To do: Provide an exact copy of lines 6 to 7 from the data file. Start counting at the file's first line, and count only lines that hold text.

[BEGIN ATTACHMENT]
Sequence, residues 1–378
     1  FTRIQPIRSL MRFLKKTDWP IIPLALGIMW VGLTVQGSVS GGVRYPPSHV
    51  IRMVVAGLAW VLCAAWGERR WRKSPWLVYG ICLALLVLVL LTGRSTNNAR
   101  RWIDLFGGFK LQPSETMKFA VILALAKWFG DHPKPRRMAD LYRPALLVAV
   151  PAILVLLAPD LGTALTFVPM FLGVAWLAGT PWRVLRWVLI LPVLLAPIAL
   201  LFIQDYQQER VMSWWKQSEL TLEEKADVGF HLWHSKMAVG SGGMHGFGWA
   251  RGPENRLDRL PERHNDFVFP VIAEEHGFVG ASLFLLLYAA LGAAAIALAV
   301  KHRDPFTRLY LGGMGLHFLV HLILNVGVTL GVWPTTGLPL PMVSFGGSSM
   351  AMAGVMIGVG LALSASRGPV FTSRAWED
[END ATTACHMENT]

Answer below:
   201  LFIQDYQQER VMSWWKQSEL TLEEKADVGF HLWHSKMAVG SGGMHGFGWA
   251  RGPENRLDRL PERHNDFVFP VIAEEHGFVG ASLFLLLYAA LGAAAIALAV